Published: Thu, February 14, 2019

Filipino Journo Maria Ressa Arrested, International Media Cry Foul

Filipino Journo Maria Ressa Arrested, International Media Cry Foul

The award-winning head of a Philippines online news site that has aggressively covered President Rodrigo Duterte's administration has been arrested by government agents in a libel case.

"We do not want to make a conclusion which may be out of context".

Philippine journalists immediately attacked the surprise serving of the warrant.

Perete said that NBI agents can ask people from doing certain actions which they think "may impede the smooth and peaceful service of the warrant".

Rappler continued to publish on Wednesday, including covering Ressa's arrest, and the offending articles appear to still be available on the website.

"They told me that, 'Ma'am, trabaho lang po ito.' All I will say is ang dami nang tao na [nagsabi na] trabaho lang po but [dapat] tingnan natin kung ano talaga 'yung trabaho na 'yun", she said.

"We always say information is power, right?"

"This is a risky precedent that puts anyone - not just the media - who publishes anything online perennially in danger of being charged with libel", the company said. Rey said she would be willing to cooperate with the Justice department.

Officers of the National Bureau of Investigation arrested Ressa from the headquarters of Rappler in Manila.

Maria Ressa knew they were coming for her.

Ressa paid 100,000 pesos, the sixth time she posted bail to avoid detention following a slew of charges. "I will pay more bail than Imelda Marcos".


Perete defended the timing of the service of the warrant, saying that it could be served at any time and that "logistical and operational requirements" of the NBI should be considered.

In a January 10 decision, the Department of Justice (DoJ) recommended that the Manila court indict Ressa and Santos.

"The arrest of journalist @mariaressa by the Philippine government is outrageous and must be condemned by all democratic nations", Albright said in a tweet where she called Ressa a friend.

Ressa spoke out forcefully about the role USA -based social media giants, most notably Facebook, which is hugely popular in the Philippines, had in spreading "tainted" information to in a way that she said was distorting the democratic process worldwide. "Then a week later it magically reappeared", said Ressa.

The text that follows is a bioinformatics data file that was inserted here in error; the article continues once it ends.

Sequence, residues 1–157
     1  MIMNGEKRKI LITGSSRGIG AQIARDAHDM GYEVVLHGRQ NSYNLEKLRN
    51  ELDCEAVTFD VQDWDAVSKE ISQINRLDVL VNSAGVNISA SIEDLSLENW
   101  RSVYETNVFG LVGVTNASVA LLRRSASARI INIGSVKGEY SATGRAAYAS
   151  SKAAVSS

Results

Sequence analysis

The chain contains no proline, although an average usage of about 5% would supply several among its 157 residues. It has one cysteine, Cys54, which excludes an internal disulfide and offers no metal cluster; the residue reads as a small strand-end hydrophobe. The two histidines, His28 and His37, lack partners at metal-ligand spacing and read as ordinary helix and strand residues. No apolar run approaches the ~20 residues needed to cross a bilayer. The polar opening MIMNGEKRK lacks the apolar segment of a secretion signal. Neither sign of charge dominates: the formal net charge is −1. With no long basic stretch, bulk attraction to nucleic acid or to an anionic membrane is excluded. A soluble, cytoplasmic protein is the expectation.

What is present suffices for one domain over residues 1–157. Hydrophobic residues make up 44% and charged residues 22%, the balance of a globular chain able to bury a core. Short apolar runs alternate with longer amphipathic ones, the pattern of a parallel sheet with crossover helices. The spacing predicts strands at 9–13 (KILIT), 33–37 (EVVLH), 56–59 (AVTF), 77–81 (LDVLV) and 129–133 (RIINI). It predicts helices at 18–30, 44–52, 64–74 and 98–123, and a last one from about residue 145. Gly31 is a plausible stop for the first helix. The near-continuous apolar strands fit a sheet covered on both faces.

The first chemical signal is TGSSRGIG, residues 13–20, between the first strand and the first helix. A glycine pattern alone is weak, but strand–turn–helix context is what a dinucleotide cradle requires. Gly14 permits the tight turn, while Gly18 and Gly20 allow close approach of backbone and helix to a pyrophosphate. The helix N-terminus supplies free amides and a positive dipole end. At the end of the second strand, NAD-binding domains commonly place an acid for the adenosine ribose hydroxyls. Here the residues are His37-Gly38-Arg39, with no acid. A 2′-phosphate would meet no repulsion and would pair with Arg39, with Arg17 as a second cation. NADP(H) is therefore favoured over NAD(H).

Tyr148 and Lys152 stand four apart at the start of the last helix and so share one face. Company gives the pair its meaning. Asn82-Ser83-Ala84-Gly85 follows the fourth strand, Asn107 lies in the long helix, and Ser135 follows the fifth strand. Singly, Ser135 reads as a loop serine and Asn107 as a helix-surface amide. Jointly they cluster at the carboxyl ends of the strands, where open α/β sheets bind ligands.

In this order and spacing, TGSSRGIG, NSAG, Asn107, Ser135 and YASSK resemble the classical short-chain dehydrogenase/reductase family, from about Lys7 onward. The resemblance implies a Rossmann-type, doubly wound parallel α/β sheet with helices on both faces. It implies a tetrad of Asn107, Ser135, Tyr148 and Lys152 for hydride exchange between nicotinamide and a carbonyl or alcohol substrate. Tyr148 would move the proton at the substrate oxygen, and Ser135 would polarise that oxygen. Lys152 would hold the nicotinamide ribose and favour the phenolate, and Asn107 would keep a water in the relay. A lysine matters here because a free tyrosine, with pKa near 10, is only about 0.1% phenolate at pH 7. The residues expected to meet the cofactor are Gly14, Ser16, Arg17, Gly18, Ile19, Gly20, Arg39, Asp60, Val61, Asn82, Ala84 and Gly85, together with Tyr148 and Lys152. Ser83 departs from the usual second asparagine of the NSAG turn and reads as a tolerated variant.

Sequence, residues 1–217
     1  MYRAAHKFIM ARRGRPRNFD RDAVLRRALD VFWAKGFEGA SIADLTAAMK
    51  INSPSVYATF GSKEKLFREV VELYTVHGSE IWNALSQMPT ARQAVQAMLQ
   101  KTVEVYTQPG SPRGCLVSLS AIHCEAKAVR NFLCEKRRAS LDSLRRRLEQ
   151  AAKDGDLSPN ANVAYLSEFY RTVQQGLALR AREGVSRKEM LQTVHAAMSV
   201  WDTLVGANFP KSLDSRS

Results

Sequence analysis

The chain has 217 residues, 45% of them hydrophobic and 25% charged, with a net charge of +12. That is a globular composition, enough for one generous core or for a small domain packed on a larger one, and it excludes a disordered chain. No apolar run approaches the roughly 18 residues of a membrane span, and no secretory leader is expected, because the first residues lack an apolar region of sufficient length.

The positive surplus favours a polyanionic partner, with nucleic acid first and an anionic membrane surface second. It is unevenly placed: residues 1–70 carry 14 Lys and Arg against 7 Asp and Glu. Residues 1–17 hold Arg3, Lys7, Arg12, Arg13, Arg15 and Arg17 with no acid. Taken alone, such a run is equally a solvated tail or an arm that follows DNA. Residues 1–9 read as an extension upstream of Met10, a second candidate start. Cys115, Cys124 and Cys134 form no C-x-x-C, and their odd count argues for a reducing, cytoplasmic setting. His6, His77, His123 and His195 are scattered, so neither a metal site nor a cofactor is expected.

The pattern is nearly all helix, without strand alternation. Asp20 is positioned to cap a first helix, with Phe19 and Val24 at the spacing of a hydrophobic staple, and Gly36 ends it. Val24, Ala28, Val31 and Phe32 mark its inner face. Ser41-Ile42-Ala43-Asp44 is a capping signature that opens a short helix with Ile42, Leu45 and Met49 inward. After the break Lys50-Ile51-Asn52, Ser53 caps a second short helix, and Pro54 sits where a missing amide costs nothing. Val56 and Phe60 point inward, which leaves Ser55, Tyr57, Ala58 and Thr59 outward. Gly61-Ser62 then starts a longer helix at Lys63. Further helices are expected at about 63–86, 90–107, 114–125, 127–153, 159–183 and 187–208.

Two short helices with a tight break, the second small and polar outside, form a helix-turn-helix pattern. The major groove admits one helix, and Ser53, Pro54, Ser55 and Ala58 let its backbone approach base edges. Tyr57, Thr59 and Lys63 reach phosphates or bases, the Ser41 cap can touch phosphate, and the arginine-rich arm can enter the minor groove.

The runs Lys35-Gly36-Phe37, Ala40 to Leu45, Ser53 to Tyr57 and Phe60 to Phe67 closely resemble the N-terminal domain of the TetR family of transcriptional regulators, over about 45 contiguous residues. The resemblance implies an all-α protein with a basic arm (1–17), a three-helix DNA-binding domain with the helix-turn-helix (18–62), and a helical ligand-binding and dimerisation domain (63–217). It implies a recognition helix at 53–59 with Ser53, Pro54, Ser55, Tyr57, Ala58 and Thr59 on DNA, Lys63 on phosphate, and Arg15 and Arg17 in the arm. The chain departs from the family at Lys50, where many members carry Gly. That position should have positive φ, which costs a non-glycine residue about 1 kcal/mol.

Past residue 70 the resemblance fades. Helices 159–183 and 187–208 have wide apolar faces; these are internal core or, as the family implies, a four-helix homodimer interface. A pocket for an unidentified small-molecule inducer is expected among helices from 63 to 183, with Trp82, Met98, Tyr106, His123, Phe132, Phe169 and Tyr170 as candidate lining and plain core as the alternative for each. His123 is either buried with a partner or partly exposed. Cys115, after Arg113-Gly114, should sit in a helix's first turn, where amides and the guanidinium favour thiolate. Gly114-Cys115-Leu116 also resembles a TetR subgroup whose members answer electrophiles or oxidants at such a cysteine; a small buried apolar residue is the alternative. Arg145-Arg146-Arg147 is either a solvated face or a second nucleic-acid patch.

The article included allegations the businessman was linked to illegal drugs and human trafficking, and that a vehicle registered in his name had been used by the country's chief justice. Keng did not object to the article until 2017, after Duterte's government began accusing Rappler of running fake news and being illegally run by foreigners (the Philippines requires all national media to be owned and operated by Philippine nationals). The online news organization supposedly promised to take down the story, but never did.

Ressa said this is the sixth active case she is now facing.

Speaking to reporters after her arrest, the veteran journalist, who is now CEO and executive editor, said she was "shocked that the rule of law has been broken to a point that I can't see it". It's weaponization of the law.

"At the beginning, for about two weeks, I was trying to respond".

Maria Ressa, center, stands on stage at a 2018 New Year's Eve celebration in New York's Times Square. Others who were cited were slain Washington Post columnist Jamal Khashoggi and detained Reuters correspondents Wa Lone and Kyaw Soe Oo. She was bureau chief for the United States broadcaster in Manila, then in Jakarta.

Rappler CEO and executive editor Maria Ressa talks to her lawyer shortly before her arrest on February 13, 2019. Earlier, the Securities and Exchange Commission revoked the website's registration, alleging that foreigners had illegally invested in the company, a charge Rappler denied.

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